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Alternatives to Acquisition

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In these challenging times especially for developers looking at ways to save on the very expensive acquisition costs of land, the answer may lie in an increasingly popular 'joint venture'.

With acquisition funding often difficult to obtain and invariably expensive and with a low loan to value ratio, entering into development or joint venture agreements with the landowner whereby the payment for the land is switched to a profit share on disposal of finished development or residential plot, is an option for some to consider.

If these agreements are done correctly then the developer will have no land acquisition cost and the landowner has the protection that he maintains full ownership of the land.

So where's the catch - if any - in a seemingly mutually beneficial plan?

Andrew Pliener, who leads the Development team at Yorkshire Law firm Keeble Hawson looks at the scheme a little more closely:

"The Developer whilst saving the up front land payment has the basic problem that he does not own the land and must rely on the development / joint venture agreement for protection."

"He may be able to register something against the landowner's title to give comfort, but he is still to some greater or lesser degree "at risk" especially if the landowner has an existing mortgage or becomes insolvent during the build period."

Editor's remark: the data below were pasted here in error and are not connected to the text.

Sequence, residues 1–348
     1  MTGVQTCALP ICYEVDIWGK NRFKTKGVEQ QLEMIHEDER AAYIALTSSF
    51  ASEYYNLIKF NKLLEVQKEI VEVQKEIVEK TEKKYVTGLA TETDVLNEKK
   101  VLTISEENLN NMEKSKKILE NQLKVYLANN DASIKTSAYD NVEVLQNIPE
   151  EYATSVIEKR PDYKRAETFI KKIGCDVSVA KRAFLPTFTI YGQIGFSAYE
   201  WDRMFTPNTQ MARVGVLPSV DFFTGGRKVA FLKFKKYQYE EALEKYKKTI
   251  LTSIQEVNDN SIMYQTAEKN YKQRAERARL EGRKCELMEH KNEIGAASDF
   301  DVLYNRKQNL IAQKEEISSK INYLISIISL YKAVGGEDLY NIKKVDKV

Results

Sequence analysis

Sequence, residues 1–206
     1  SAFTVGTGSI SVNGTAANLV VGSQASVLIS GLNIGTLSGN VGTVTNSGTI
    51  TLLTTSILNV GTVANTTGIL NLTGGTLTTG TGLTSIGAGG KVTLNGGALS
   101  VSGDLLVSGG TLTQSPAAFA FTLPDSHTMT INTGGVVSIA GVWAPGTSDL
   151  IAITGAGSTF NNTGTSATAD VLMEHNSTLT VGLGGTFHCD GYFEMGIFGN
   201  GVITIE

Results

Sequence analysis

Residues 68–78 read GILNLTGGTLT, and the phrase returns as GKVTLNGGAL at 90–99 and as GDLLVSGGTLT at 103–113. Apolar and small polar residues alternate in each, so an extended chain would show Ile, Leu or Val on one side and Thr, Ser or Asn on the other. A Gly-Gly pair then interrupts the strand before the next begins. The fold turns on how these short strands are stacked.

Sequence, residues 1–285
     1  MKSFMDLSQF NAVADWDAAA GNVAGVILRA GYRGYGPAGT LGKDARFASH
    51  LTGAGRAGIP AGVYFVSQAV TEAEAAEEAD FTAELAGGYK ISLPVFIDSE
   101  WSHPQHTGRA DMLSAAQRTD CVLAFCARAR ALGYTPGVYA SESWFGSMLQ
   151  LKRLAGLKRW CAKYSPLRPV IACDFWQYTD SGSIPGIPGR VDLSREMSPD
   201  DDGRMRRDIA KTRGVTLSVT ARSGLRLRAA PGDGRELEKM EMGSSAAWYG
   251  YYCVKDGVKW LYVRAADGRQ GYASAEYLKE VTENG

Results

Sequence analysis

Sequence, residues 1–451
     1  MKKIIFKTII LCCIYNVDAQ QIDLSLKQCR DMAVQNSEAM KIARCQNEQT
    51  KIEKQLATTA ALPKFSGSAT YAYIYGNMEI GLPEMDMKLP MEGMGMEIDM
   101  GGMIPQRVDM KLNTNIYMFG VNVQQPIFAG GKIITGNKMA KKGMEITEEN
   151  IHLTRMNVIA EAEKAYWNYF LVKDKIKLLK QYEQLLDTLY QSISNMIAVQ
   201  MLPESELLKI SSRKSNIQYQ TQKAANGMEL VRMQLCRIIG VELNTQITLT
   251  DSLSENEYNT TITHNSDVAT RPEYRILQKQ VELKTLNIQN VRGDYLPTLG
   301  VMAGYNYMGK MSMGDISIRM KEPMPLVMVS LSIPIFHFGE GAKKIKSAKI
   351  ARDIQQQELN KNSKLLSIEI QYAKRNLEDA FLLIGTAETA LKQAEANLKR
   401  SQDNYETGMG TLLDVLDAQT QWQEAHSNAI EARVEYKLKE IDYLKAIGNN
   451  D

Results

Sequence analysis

Andrew continues:

"The Developer must also consider his development funding as he will not own the land being developed and may or may not be able to get a charge over it in favour of his funder."

"There are also practical issues over delays and ensuring the landowner is around to sign documents whenever necessary."

"The landowner has the advantage of owning the land and can impose in the Development / Joint Venture Agreement specific long stop dates and requirements, which if not met will bring the arrangement to an end leaving him with ownership of, potentially, a much improved site."

Last but not least, the landowner must ensure that any payment arrangements work and do not permit the Developer to delay - or even prevent payment for example - when payment is on disposal of the last unit on site.

Given sensible advice and a degree of realism between the Developer and the Landowner these sorts of arrangements can work to everyone's advantage and enable development, even in these challenging times.

Andrew Pliener can be contacted on 0113 399 3476 or andrewpliener@keeblehawson.co.uk

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